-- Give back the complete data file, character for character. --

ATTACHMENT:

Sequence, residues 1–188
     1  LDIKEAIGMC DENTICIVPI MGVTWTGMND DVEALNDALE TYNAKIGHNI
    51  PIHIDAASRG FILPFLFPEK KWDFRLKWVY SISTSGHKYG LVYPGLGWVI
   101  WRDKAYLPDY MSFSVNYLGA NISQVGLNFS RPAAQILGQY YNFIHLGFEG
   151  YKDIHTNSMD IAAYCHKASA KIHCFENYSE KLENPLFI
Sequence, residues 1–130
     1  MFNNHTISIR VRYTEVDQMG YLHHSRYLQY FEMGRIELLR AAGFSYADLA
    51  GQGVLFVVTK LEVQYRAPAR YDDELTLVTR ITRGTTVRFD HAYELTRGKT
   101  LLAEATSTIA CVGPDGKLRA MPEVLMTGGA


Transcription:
Sequence, residues 1–188
     1  LDIKEAIGMC DENTICIVPI MGVTWTGMND DVEALNDALE TYNAKIGHNI
    51  PIHIDAASRG FILPFLFPEK KWDFRLKWVY SISTSGHKYG LVYPGLGWVI
   101  WRDKAYLPDY MSFSVNYLGA NISQVGLNFS RPAAQILGQY YNFIHLGFEG
   151  YKDIHTNSMD IAAYCHKASA KIHCFENYSE KLENPLFI
Sequence, residues 1–130
     1  MFNNHTISIR VRYTEVDQMG YLHHSRYLQY FEMGRIELLR AAGFSYADLA
    51  GQGVLFVVTK LEVQYRAPAR YDDELTLVTR ITRGTTVRFD HAYELTRGKT
   101  LLAEATSTIA CVGPDGKLRA MPEVLMTGGA